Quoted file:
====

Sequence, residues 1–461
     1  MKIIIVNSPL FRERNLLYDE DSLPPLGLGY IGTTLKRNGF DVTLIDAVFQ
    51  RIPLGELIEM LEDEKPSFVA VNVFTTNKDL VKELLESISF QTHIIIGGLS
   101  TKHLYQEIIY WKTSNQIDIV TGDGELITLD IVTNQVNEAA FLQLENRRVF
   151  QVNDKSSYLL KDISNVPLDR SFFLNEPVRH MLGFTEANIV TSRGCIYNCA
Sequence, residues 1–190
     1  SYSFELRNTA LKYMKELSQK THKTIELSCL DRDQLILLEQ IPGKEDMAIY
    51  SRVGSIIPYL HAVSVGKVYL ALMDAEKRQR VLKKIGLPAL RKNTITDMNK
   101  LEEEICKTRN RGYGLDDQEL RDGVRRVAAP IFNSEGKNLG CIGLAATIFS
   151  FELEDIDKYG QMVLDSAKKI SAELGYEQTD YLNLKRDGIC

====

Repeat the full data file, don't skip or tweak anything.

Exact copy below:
Sequence, residues 1–461
     1  MKIIIVNSPL FRERNLLYDE DSLPPLGLGY IGTTLKRNGF DVTLIDAVFQ
    51  RIPLGELIEM LEDEKPSFVA VNVFTTNKDL VKELLESISF QTHIIIGGLS
   101  TKHLYQEIIY WKTSNQIDIV TGDGELITLD IVTNQVNEAA FLQLENRRVF
   151  QVNDKSSYLL KDISNVPLDR SFFLNEPVRH MLGFTEANIV TSRGCIYNCA
Sequence, residues 1–190
     1  SYSFELRNTA LKYMKELSQK THKTIELSCL DRDQLILLEQ IPGKEDMAIY
    51  SRVGSIIPYL HAVSVGKVYL ALMDAEKRQR VLKKIGLPAL RKNTITDMNK
   101  LEEEICKTRN RGYGLDDQEL RDGVRRVAAP IFNSEGKNLG CIGLAATIFS
   151  FELEDIDKYG QMVLDSAKKI SAELGYEQTD YLNLKRDGIC